The abandoned Hartwood Mental Hospital – Scotland’s first lobotomy site

Nikola Petrovski
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When it comes to dark, gloomy, and utterly scary abandoned spaces, long-forgotten asylums are definitely on everyone’s top ten list. Abandoned amusement parks can also be eerie, with their broken-down Ferris wheels and dust-covered carousels, but mental hospitals scare a lot of people even when they are still in use.

Many stories about these places spread whilst they are still in operation. However, it is after their closure that the ghost stories begin to haunt the living.

A general overview of the hospital’s exterior – different angle. Author: Skin – ubx from Glasgow – CC BY 2.0

Creatures of all depths and dimensions feature in these tales. It is up to each person to decide whether these ghouls and spooks are real or just the product of creative imaginations.

A hospital tucked neatly in the village of Hartwood nearby to the town of Shotts, Scotland has its own fair share of stories and tales that locals share with each other. However, Hartwood Hospital doesn’t need ghosts to make its story interesting.

The interior in 2010. Author: Skin – ubx from Glasgow – CC BY 2.0

Designed in the Scottish Baronial architectural style, the hospital is easily noticeable due to the clock towers that stand on its North-Western corners.

Originally opened in 1895, Hartwood Hospital served for a full century before it was closed down in 1998. It was designed by John Lamb Murray. Murray was an autodidact – he taught himself the art and science of architecture as well as mechanical engineering.

A general overview of the hospital’s exterior. Author: Skin – ubx from Glasgow – CC BY 2.0

The hospital was designed to be self-sufficient, as was the custom of the time. It had farms and gardens and even a railway line. Its first superintendent was Dr. Campbell Clark – a man who changed his field of medicine forever.

Inside the clock tower. Author: Skin – ubx from Glasgow – CC BY 2.0

Dr. Campbell Clark was the first to deploy training schemes for the medical personnel at the hospital so that they could administer the best possible care. Back then, the hospital was known as Lanark District Asylum.

This practice picked began to be more widely used in 1890 when the Medico-Psychological Society started supporting it and issued certificates for those who managed to successfully finish Dr. Campbell’s training.

Inside the washhouse. Author: Skin – ubx from Glasgow – CC BY 2.0

In 1901, Dr. Campbell died and was laid to rest in the cemetery at Hartwood. That same year, the hospital received its first extension. A new washhouse was added as well as a laundry. Three years later, new cottages were erected as well as a new caretaker’s house and the nurses’ home.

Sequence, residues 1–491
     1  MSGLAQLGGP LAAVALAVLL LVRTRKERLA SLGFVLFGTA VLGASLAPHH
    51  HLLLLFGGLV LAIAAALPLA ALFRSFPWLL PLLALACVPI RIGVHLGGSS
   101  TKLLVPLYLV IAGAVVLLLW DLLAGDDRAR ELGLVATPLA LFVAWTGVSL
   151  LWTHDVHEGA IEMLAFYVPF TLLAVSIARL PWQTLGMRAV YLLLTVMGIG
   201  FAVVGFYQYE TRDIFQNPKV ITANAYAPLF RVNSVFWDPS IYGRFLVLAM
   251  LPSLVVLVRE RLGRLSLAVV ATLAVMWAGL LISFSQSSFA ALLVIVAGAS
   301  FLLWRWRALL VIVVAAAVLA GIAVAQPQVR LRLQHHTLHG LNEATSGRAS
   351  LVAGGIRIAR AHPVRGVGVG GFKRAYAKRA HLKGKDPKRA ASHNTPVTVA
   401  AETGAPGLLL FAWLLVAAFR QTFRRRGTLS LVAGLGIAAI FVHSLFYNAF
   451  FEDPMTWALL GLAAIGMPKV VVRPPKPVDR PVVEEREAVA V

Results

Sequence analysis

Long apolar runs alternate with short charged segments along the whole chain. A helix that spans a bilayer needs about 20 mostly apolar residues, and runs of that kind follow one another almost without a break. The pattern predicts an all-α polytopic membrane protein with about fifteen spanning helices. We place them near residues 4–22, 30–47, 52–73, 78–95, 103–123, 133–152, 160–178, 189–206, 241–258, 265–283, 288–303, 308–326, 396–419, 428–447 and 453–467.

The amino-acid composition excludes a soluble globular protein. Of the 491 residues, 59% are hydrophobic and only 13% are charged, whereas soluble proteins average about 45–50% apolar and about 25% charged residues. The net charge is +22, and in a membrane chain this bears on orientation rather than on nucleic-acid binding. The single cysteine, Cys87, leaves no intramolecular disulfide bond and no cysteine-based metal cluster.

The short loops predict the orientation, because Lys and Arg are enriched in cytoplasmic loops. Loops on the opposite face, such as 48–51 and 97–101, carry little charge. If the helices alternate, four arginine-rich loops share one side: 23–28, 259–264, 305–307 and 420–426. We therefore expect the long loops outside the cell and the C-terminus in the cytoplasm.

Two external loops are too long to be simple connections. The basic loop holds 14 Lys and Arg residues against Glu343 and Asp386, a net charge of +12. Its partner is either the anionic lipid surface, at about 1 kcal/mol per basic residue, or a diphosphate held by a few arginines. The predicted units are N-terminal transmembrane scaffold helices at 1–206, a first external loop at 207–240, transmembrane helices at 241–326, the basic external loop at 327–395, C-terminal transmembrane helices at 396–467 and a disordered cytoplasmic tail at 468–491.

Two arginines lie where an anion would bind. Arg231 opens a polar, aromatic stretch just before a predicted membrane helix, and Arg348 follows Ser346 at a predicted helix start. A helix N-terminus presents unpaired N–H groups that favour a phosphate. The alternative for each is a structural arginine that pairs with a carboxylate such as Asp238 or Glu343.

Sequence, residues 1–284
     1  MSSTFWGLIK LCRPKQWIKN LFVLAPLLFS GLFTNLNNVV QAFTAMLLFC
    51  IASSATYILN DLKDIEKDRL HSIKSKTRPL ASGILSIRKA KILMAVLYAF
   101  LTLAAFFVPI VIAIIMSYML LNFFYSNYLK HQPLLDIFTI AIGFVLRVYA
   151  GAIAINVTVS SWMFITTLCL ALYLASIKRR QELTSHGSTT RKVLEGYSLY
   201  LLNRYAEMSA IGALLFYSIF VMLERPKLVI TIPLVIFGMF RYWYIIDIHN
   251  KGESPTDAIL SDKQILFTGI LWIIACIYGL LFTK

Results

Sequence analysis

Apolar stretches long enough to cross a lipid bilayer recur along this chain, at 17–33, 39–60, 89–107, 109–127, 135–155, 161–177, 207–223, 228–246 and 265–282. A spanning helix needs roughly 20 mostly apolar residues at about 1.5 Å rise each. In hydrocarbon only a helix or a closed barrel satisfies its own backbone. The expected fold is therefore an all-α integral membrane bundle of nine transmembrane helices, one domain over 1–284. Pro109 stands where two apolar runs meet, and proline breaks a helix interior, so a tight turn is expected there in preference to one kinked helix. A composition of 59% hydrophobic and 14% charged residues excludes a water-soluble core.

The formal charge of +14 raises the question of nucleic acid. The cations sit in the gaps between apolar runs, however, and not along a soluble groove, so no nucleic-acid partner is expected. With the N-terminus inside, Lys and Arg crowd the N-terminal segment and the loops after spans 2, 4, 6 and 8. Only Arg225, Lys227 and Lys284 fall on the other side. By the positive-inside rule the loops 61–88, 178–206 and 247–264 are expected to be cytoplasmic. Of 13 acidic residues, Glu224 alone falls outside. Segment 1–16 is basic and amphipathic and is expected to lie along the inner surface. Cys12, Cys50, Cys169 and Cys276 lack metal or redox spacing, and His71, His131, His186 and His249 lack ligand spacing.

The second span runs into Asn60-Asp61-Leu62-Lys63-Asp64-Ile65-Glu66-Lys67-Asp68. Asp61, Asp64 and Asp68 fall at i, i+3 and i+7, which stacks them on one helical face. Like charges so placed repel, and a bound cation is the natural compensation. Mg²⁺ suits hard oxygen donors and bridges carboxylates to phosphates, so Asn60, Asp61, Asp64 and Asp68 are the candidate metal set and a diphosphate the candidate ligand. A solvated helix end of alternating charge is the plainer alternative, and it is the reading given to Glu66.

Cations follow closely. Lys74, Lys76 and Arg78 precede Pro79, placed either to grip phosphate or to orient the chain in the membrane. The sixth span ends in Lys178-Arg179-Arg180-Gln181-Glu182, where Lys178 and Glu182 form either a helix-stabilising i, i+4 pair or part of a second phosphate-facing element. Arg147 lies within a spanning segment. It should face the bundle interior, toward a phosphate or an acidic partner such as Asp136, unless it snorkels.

Abandoned industrial laundry machine. Author: Skin – ubx from Glasgow – CC BY 2.0

As was the case with many asylums from the 19th century, Hartwood had its dark sides. It went down in history as the first place in Scotland to perform lobotomies – notorious procedures that frequently turned fully-grown human beings into vegetables.

Part of the morgue. Author: Skin – ubx from Glasgow – CC BY 2.0

Electroshock therapy was also frequently used. Scientific knowledge of the human brain at the time was rather primitive and many practices were carried out in very different ways to how they would be today.

Part of an abandoned office. Author: Skin – ubx from Glasgow – CC BY 2.0

Despite everything, Hartwood Hospital continued to grow, and by 1950 it joined the list of the EU’s biggest medical institutions. The number of patients kept growing and at one point reached 2,500.

The hospital grew so large that it was dubbed a “hospital-village.” It had its own dancehall and bowling green. Things were going well for the institution until 1990 when the Community Care Act appeared.

The clock towers. Author: Raymond Okonski – CC BY-SA 2.0

This law switched the focus from institutional care to community care and resulted in the closure of many asylums. Hartwood Hospital suffered the same fate and was finally closed in 1995. Only the administrative buildings were kept in use for a couple more years, but they too were abandoned in 1998.

One of its abandoned hallways. Author: Skin – ubx from Glasgow – CC BY 2.0

The site has remained closed and abandoned ever since, and more and more of it slowly turns to dust with each passing year. It is a favorite place for urban explorers and photographers. It is also a popular place for drone pilots, and YouTube is filled with footage that fully depicts the state of the hospital.